Interesting how the UAW is now conceding all sorts of outrageous, above-mrkt perks and rules. The first trip to Washington, Gettlefinger (UAW) was very loud in his claim that “the UAW had already given all they could.” It’s only the threat of a real BK that gets GM et al. to clean house. “Bailing out” is a hideous way to transfer wealth from those who were prudent and productive and played by the rules, to people (and entities) who didn’t. A complete waste of our money. Real change only happens if there is a moral hazzard. If “they” bail out GM and friends, how will they be able to deny any one else?

  18. 18
    zman Says:

    Bird – think the argument is bridging and that now is not a good time. I would say when is a good time for the autos to fail? Either way, given the precarious state of the economy, it seems you draw the line here at autos, give them a bridge with a plan and ownership or this is the 2×4 that broke the economic camel’s back. I’m opposed to the concept too but the situation is what it is.

  19. 19
    Nicky Says:

    Anyone hear Guy Adami on Fast Money last night. Loved his idea which was to use the 25 billion dollars to buy as many SUV’s sitting in fields as possible (thereby giving the automakers some money) and then doing a lottery to give those same autos back to the public.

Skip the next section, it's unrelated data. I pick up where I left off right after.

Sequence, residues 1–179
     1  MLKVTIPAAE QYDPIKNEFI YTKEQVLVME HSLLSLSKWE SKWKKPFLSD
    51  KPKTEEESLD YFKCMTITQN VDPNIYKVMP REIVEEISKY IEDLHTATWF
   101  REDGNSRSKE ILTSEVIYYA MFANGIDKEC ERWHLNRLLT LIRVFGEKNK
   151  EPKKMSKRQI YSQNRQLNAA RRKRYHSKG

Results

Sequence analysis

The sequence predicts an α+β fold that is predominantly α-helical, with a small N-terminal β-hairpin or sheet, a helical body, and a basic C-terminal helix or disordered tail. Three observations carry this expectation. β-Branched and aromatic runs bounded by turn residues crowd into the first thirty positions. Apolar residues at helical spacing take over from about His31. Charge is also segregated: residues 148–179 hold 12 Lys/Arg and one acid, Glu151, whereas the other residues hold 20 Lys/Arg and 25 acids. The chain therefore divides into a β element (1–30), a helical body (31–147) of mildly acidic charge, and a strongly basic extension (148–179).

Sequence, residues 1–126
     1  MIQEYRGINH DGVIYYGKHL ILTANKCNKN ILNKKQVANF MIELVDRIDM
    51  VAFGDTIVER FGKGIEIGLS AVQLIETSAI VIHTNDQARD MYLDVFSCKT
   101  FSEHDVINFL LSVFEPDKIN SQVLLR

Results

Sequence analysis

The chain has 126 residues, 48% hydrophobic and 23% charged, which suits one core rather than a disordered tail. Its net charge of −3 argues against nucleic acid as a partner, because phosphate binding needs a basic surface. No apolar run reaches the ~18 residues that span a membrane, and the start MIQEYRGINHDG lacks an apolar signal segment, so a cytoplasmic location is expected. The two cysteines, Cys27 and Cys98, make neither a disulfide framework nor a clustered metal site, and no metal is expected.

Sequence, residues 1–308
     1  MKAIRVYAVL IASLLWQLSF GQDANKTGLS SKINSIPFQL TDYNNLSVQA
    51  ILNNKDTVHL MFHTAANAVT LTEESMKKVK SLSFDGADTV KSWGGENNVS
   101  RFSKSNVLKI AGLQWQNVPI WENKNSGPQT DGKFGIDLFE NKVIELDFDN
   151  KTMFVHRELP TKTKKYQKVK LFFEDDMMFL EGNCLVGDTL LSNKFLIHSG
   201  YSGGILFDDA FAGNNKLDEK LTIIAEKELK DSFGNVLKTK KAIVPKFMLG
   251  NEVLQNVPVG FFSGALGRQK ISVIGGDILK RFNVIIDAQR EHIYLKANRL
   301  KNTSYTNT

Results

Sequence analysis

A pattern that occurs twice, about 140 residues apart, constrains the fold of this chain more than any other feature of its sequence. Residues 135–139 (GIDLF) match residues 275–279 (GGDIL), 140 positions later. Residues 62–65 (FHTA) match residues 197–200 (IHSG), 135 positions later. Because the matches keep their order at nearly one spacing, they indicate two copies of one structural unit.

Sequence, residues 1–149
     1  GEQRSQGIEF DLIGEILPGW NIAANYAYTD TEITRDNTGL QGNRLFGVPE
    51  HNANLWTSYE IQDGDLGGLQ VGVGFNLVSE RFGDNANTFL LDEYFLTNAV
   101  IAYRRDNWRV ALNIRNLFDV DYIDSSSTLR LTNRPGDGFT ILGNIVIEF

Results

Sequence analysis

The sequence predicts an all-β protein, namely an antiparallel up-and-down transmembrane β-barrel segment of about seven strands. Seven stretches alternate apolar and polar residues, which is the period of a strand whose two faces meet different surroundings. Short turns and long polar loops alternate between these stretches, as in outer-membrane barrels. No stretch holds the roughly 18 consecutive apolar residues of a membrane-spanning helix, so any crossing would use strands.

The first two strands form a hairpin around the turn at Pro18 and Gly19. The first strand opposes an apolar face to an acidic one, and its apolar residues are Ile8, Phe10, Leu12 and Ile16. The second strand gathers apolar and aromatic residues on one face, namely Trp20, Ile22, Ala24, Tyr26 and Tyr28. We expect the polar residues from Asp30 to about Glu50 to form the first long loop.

20. 20
    BirdsofpreyRcool Says:

    z – I understand that argument, it has much merit. I would prefer to see the US Taxpayer backstop the D-3 payables to their suppliers and provide DIP financing, if required.

    Having followed automotive for many many years, it has been coming to this for a long time. And with all the incentives and low-financing offered over the last few years, is it any “surprise” that so many car sales were pulled forward? Is it any “surprise” that oil prices wouldn’t stay low forever? And these are the same guys that think they can (now) “see the future.”?

  21. 21
    zman Says:

    Nicky – better than the money going into a black hole called TARP. Good for gasoline demand too, lol.

  22. 22
    elijahwc Says: